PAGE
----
Breeding blow to Bitterns

Trying to protect one of the UK's rarest and most secretive birds has always presented a major challenge to conservationists and now the unpredictable British weather has placed another major hurdle in their way.

Trying to protect one of the UK's rarest and most secretive birds has always presented a major challenge to conservationists and now the unpredictable British weather has placed another major hurdle in their way.

Torrential rain during the last Bank Holiday weekend washed away nests inhabited by breeding bitterns and almost certainly killed new born chicks, investigations have revealed.

Reserve managers at sites along the north Suffolk coast had been confident of a successful breeding season and last night admitted the setback could have repercussions across the country because the region is a key area for bitterns.

It is feared that of nine nests recorded recently at nature reserves or coastal sites in Suffolk, only two remained intact following the heavy downpours.

Adam Rowlands, site manager for Minsmere and North Warren, said: “This is a serious setback for the bittern. Suffolk has been the engine room for the recent recovery of the species in the UK, with the RSPB's reserves playing a key role.

“Anything that affects breeding success here is likely to have a knock-on effect across the country.”

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Latest figures show the UK population of the booming male bitterns had fallen to 44 from a half-century high of 55 in 2004, but RSPB officials believed 2007 would prove a key breeding season.

Mr Rowlands added: “The one glimmer of hope is that the birds did get off to an early start this breeding season and there may still be time for some of them to try again, but it is getting late in the year.”

There is one glimmer of hope at Minsmere where the famous 'V' female is still feeding her young in one of the site's surviving nests. 'V' - so named for a distinctive kink in her neck - has been breeding continuously since 1996 and is mother to a large proportion of the UK's bitterns.

Last November, there were fears for the region's bitterns after fierce storms caused saltwater to infiltrate a freshwater site at Dingle Marshes and also threatened the sea defences at nearby Minsmere.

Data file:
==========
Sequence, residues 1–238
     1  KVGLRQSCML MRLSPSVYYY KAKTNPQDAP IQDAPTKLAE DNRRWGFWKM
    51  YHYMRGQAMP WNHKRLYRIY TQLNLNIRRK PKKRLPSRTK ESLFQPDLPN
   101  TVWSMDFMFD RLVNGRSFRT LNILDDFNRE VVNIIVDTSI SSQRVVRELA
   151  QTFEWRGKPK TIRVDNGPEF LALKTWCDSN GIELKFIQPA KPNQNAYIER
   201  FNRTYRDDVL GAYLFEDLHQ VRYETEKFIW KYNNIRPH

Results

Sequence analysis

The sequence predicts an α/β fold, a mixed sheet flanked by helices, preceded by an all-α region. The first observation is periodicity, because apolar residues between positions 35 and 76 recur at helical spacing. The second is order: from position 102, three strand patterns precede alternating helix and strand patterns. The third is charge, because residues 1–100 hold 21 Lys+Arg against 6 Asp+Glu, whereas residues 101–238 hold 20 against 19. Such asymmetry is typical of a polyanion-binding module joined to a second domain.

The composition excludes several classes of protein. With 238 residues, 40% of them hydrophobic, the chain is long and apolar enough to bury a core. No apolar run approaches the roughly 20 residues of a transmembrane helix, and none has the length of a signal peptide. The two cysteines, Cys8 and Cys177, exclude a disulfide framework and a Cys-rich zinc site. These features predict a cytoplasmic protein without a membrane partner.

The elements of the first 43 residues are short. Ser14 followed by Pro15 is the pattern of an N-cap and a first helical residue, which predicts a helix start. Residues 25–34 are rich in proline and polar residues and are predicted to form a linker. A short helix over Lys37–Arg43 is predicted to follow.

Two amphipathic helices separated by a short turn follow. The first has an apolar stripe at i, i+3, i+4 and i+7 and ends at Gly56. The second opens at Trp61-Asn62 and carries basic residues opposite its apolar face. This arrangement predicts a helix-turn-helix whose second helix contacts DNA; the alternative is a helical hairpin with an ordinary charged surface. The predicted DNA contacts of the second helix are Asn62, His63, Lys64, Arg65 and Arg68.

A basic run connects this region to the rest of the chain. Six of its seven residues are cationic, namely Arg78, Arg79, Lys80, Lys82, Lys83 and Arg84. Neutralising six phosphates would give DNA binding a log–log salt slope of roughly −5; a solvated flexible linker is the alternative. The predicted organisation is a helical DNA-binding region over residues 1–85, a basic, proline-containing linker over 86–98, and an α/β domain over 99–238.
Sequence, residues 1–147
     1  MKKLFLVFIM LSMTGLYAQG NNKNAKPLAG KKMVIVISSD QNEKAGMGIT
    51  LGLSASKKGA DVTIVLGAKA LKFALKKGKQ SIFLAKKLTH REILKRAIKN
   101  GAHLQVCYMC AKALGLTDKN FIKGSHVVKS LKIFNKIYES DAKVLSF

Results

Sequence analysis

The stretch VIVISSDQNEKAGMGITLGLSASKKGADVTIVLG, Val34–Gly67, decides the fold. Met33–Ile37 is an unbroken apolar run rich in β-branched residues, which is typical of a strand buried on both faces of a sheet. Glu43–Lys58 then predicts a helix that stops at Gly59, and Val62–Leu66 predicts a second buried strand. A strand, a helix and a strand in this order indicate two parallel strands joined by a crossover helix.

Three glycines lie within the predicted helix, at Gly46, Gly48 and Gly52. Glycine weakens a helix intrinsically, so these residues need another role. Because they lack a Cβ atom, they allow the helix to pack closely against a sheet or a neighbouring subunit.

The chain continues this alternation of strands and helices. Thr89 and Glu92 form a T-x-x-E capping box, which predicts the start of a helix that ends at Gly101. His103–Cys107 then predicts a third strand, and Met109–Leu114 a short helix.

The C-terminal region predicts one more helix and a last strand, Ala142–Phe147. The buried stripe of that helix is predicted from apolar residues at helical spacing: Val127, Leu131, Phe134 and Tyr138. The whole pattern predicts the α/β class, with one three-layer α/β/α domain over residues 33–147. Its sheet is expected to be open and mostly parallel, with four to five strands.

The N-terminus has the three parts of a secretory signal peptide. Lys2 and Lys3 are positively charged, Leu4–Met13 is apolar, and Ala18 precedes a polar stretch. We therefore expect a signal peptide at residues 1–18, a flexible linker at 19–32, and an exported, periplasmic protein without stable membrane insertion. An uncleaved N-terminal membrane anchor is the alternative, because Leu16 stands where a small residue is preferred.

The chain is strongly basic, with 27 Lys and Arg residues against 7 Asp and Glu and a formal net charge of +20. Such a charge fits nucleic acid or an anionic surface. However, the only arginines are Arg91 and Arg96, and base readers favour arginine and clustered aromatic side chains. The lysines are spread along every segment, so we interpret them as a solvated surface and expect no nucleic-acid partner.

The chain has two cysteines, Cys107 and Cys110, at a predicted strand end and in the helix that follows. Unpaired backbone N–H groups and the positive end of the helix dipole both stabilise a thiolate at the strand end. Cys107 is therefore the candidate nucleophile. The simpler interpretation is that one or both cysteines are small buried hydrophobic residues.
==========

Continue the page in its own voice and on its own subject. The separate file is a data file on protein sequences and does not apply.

While the prospects for breeding subsequently improved, Mr Rowlands said it was feared that three nests at Dingle and Westwood marshes had also been destroyed.

Dr Mark Avery, the RSPB's director of conservation, said: “Despite our success in recent years, bittern numbers remain perilously low. That one spell of bad weather can have such potential serious consequences is proof of that.

“Bitterns need large areas of wet reedbed if they are to breed and find enough food. Far too many of the UK's reedbeds have been

lost and this is another reminder that we must continue to create new ones - as the RSPB is doing - if the bittern and many other species are to have a future in our islands.”

Hunting and habitat loss saw the bittern vanish from the UK by 1886. It returned in 1911 and numbers rose to about 80 booming males by the 1950s before crashing to a low of 11 in 1997.

RSPB research carried out at Minsmere led to the reserve's famous reedbeds being completely re-profiled to suit the birds' needs.

Because bitterns are so secretive, their numbers of determined from the males' boom - a foghorn sound to announce their territory and attract females, which can be heard up to three miles away.

Colloquial names for the bittern include bitter bum; bog blutter; bog-bull; bog bumper; bog drum; boom bird; bottle-bump; bull of the bog; bumpy cors; butter bump and heather blutter.